I also think Maezar (alignment is important especially when you're creating your character because it helps inform your general approach) and finarvyn/chrisj (law and neutral are where players usually shake out) pretty well describe how things roll in my campaign. The idea of aligning according to gods first (then acting accordingly) rather than good/neutral/evil first (then picking a god) is also a subtle, but different and interesting approach (thanks RedJowel).

Any way of looking at alignment that feels additive/inspiring (rather than strictly prescriptive) seems cool to me.


Blackadder23: Insanely long villain soliloquy, then "Your action?"
BORGO'S PLAYER: I shoot him in the face
 

4/25/2014 8:56 pm  #16


Re: Alignment in your game

Yora, I really like what you're writing here.

 

4/26/2014 1:15 am  #17


Re: Alignment in your game

RedJowel wrote:

Chainsaw wrote:

. It's not a straight jacket.

Couldn't have said it bettar, I see so many players treat their evil allighnment as if it were a lycanthropic curse causing them to murder and destroy people/places even though it flies in the face of the partie's goals, group decision, common sense, all logic....

I've tended to see problems more on the other end of the spectrum.  As we tended to interpret it when I was in high school, Evil can pursue whatever selfish goal it wants and Chaos can use whatever methods it wants, but Law. Must. Obey! and Good. Must. Do. The. "Right". Thing!  At all times!  We definitely saw a bit of Chaotic Stupid from time to time, but Lawful Stupid and Preachy Good were much more common alignments in my personal experience.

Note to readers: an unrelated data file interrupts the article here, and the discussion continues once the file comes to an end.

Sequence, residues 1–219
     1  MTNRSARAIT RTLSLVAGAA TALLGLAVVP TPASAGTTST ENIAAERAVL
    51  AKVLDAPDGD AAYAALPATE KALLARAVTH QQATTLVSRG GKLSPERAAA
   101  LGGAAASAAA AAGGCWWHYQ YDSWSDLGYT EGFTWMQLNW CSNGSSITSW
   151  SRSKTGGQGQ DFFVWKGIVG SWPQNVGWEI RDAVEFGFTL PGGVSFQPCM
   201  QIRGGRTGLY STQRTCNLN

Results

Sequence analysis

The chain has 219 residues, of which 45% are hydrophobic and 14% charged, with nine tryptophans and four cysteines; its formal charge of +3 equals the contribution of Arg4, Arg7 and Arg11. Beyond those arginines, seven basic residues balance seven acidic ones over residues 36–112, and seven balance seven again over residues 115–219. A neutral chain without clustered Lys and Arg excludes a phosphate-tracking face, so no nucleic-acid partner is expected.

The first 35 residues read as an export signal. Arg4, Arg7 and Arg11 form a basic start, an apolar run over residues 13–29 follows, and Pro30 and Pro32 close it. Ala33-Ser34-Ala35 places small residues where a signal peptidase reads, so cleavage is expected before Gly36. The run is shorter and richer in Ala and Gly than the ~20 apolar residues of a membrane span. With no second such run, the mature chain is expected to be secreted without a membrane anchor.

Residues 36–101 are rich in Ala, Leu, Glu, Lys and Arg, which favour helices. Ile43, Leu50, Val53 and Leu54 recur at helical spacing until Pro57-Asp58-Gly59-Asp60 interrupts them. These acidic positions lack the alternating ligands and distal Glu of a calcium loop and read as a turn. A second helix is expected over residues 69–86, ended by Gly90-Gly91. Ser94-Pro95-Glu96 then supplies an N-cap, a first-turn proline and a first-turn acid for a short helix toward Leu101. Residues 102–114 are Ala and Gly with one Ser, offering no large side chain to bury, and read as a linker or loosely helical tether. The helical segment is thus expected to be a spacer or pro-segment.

Yora wrote:

It seems that in many cases, picking an alignment is not actually a starting off point to develop a character, but simply a shortcut to skip most of the process.

Yes, that too.  An alignment is not necessary to developing a character's personality and it's not even close to being sufficient.

Another point which hadn't occurred to me until just now is that, while alignment may be appropriate to high fantasy settings, which often focus on a clash between Capital-G Good and Capital-E Evil, I don't really see it having much of a place in S&S, where most of the fiction seems to revolve around characters whose primary alignment is merely Selfish.

 

4/26/2014 9:54 am  #18


Re: Alignment in your game

Yora wrote:

The idea of Alignments as teams always seemed odd and nonsensical to me, but now I am feeling that it's actually the only meaningful aspect alignment actually has.

I wouldn't necessarily call it "nonsensical". http://cdn.boardhost.com/emoticons/wink.png
Here are two definitions of the word "alignment" that come straight from a standard dictionary: "a state of agreement or cooperation among persons, groups, nations, etc., with a common cause or viewpoint" and "alliance or union with a party, cause, etc".  Those both pretty much mean "what team are you on".  More importantly, alignment in the Elric stories (from which Gary "appropriated" the concept) exactly means "what team are you on".  Freighting the "team" concept with a whole lot of extraneous moral and ethical baggage just confuses the issue and makes it harder to referee.  PCs do have to meet certain standards of behavior, or they'll get booted off their "team".  But (in my opinion) there's no need to parse every action and get into long debates about whether orc babies have souls.